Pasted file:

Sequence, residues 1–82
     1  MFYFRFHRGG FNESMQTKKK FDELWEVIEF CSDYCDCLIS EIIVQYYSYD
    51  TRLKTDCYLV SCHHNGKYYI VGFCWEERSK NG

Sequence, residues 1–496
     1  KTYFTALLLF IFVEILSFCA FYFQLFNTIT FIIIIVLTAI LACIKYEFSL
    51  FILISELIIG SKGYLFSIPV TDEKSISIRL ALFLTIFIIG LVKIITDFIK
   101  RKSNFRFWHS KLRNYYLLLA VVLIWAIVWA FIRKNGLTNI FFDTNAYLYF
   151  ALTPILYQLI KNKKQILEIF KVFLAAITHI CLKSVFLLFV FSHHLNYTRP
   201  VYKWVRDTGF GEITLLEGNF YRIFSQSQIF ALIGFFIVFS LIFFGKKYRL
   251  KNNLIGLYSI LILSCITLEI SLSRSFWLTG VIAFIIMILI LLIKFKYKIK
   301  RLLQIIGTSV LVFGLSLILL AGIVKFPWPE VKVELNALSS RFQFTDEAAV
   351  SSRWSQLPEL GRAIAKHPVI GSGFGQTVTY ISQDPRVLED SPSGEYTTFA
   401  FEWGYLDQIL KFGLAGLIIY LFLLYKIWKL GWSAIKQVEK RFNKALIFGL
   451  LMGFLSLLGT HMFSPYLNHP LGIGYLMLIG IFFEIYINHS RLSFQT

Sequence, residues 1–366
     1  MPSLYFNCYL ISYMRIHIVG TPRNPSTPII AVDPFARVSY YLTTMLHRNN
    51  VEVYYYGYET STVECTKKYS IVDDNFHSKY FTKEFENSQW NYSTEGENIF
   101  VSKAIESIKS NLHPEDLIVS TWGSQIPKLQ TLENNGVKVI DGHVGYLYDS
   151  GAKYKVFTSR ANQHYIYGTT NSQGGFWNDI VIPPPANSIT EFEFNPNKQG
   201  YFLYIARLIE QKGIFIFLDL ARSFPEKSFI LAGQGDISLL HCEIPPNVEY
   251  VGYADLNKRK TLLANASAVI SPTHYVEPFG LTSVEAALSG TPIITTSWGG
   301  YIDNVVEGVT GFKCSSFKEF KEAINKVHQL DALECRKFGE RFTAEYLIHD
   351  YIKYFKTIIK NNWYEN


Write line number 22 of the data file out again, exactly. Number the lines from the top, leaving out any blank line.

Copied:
   301  YIDNVVEGVT GFKCSSFKEF KEAINKVHQL DALECRKFGE RFTAEYLIHD